Saturday, August 13, 2005

Finally! (part 2)

[Ed. note: The following post is in response to Glenn's comments on my previous post, but it's so long—and significant to me—I moved it from the comment section to the main page. While the initial impetus was about smoking restrictions that failed in Cave City, KS and already enacted in Dallas, NY City, California, and even Austin, TX this is only part of the issue for me.]

I agree individuals have the right to smoke in their own home and their own car. I also agree with your unspoken statement, they have the right to allow others to smoke in their home and car and this is true whether or not they personally smoke.

I also need to say after years of thought I understand civil law to be a body of rules regulating conduct between “legal entities;” a construct able to sign contracts and own property (home and car), or make commitments and take responsibility, et cetera. The ability (or society’s permission) to do these things is part of what differentiates a child from an adult.

Part of my problem with your argument is you allow freedom for some legal entities (me) while also allowing for legislation limiting the choices other legal entities (businesses) on the very same issue. As a business owner I want to ability to serve my customers in the manner I see fit. As a legal entity I see this regulation as an encroachment on my rights.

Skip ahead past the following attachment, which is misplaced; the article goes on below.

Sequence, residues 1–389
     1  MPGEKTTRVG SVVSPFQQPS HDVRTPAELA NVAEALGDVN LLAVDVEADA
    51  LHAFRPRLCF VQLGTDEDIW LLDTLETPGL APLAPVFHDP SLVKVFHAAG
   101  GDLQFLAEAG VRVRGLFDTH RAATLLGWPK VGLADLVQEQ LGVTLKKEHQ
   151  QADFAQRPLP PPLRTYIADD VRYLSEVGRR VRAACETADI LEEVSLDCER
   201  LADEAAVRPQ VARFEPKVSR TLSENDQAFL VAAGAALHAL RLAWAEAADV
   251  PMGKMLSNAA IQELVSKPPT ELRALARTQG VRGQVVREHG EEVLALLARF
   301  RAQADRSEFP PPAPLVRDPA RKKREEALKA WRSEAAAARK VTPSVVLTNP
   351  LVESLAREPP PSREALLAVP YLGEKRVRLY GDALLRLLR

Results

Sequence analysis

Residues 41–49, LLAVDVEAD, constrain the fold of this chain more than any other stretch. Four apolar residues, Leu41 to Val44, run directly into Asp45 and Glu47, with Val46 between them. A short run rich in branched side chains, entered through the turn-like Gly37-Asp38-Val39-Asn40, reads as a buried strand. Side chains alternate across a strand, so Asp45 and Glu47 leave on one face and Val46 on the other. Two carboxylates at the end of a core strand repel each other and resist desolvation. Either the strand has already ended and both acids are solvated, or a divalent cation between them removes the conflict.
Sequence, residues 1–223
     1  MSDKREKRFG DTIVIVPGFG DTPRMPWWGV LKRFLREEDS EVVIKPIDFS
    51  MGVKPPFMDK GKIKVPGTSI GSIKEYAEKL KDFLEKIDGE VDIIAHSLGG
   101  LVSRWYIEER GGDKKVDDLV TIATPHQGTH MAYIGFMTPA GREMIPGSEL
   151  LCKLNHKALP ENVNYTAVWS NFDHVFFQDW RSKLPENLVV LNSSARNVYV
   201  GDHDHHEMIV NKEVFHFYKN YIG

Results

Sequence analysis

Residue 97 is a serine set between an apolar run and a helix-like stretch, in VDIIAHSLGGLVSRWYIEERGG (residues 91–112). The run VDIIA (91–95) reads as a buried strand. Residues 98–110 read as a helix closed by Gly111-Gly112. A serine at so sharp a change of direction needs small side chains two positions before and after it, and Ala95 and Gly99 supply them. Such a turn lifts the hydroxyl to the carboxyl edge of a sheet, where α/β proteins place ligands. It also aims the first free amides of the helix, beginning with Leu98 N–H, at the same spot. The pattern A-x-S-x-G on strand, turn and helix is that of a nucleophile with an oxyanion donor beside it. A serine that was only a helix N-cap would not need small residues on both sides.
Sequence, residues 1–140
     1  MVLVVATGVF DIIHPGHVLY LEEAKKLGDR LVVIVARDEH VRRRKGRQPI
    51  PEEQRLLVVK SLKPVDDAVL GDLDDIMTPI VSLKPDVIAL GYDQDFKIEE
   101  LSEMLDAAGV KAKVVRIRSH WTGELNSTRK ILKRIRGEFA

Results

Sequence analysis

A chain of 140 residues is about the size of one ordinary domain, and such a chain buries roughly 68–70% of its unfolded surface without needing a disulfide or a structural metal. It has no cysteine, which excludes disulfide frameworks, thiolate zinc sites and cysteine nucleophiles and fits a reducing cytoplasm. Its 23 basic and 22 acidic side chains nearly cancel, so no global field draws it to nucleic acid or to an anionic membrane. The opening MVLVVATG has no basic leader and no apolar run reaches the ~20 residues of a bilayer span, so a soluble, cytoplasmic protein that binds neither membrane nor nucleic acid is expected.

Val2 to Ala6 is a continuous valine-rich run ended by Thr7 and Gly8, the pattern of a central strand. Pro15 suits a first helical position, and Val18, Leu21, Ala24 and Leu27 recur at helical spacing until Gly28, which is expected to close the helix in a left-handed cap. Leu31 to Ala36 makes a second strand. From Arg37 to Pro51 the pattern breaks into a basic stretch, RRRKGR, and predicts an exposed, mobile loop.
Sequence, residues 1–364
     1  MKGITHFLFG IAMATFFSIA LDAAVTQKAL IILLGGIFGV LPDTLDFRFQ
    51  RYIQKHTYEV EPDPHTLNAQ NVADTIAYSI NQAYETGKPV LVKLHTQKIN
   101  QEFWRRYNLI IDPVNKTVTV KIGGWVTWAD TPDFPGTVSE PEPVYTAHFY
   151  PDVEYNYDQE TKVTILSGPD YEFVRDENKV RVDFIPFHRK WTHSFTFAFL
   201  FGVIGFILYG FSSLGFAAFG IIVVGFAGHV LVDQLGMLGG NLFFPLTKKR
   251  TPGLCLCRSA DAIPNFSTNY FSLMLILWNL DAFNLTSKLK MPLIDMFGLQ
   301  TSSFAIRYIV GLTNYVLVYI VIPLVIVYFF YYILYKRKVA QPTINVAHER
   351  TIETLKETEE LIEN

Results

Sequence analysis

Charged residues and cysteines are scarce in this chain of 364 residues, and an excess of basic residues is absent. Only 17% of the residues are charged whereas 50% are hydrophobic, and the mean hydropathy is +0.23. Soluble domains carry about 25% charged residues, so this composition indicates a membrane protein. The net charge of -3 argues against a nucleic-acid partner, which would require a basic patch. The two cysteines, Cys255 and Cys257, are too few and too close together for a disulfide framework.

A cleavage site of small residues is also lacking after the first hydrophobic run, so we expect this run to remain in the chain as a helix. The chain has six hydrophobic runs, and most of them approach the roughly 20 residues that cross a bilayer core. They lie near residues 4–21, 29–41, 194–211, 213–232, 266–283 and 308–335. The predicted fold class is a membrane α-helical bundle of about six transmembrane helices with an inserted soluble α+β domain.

As a business I can, and probably should, market my products to a specific niche. I should be allowed to choose the niche of poker players who smoke. Now maybe the niche is too small or cannot support my overhead. Maybe it's an untapped niche that will provide my grandchildren with wealth untold. If I make the wrong choice it is my responsibility to suffer the consequences of the decision. Either way, as the head of legal entity I resent the encroachment of the legislation disallowing my customers to smoke (a legal act, mind you) within my establishment.

As an aside, I want to say a couple other things about tobacco and smoking.
  1. It is ridiculous for us to be supporting tobacco farmers with subsidies while concurrently restricting the use of their products due to safety concerns.
  2. If smoking is truly bad for individuals and needs to be controlled then I am all for classifying it as we do drugs. Make it a controlled substance and pull it from the market. (Note: Cocaine is no longer a part of the recipe for Coca-Cola.)